When Microsoft took to the Game Developers Conference in 2000 to drum up interest in the original Xbox, it used a prototype console that was, basically, a giant X.
This prototype was used for the hardware reveal at GDC by ex-Microsoft boss Bill Gates and head of the Xbox project Seamus Blackley. Microsoft took this unit to trade shows and events such as GDC to help give developers an idea of what they've be working with and present demonstrations to press, despite it not offering the power the retail unit would.
According to Dean Takahashi's book Opening the Xbox, each prototype unit cost $18,000 to manufacture because they were milled out of a solid block of aluminium. In a recent tweet, Seamus Blackley, one of the key players in Microsoft's Xbox, said the prototype was a working unit.
This was the showcase unit to show partners and press. It worked.— Seamus Blackley (@SeamusBlackley) June 30, 2018
[There were actually several, and they travelled the world. I lugged these damn things over every continent literally.]
Of course, when the original Xbox launched later in November 2001, its design had come on a long way from this prototype. But the prototype has lived long in the memory because of how ridiculous it looks.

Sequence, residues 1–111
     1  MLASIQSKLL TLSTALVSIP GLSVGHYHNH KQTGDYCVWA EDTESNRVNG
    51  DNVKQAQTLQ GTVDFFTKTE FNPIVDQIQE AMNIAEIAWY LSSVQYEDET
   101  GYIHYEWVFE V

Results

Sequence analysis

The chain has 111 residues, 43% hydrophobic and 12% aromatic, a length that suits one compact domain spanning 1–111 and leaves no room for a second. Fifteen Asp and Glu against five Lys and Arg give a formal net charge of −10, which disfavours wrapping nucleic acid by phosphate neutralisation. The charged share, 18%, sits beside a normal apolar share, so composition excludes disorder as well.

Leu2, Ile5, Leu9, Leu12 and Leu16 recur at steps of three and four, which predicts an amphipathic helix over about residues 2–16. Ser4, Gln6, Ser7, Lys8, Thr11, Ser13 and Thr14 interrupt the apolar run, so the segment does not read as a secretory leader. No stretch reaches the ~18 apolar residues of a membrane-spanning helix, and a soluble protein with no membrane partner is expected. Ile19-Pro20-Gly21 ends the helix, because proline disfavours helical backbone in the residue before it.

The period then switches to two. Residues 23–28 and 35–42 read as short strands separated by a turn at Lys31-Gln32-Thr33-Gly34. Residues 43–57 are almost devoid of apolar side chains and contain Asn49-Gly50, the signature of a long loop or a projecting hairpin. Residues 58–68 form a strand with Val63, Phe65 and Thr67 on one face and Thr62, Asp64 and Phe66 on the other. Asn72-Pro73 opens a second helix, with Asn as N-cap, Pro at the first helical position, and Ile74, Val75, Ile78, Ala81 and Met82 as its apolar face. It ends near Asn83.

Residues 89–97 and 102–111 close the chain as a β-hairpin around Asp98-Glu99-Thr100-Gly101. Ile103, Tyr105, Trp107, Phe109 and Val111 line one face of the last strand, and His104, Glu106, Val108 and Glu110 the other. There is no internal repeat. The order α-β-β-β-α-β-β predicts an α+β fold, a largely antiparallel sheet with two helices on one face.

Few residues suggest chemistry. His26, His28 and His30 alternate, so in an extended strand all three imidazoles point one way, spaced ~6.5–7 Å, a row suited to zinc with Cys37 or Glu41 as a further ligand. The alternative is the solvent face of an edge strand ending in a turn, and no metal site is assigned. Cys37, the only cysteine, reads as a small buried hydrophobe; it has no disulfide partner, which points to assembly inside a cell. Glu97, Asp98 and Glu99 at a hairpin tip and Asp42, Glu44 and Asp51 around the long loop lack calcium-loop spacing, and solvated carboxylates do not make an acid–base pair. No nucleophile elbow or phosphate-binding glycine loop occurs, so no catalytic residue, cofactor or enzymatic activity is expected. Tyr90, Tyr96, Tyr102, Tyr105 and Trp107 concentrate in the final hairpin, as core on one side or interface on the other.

We weren't sure what happened to the prototype until Microsoft games marketing chief Aaron Greenberg tweeted a video of the unit in November 2016.
And now, the Xbox prototype has resurfaced at the Microsoft Visitor Center in Redmond, Washington. Xbox social marketing manager Graeme Boyd tweeted an image of the prototype housed in a glass case.
The original Xbox prototype from Bill Gatesâ€™s GDC 2000 keynote is on display at the new Microsoft Visitor Centre.— Graeme Boyd (@AceyBongos) June 30, 2018
Absolute unit. Love it. pic.twitter.com/KMxOPNmTTJ
So, here's to the original, outrageous, impractical but memorable original Xbox prototype. They don't make them like they used to!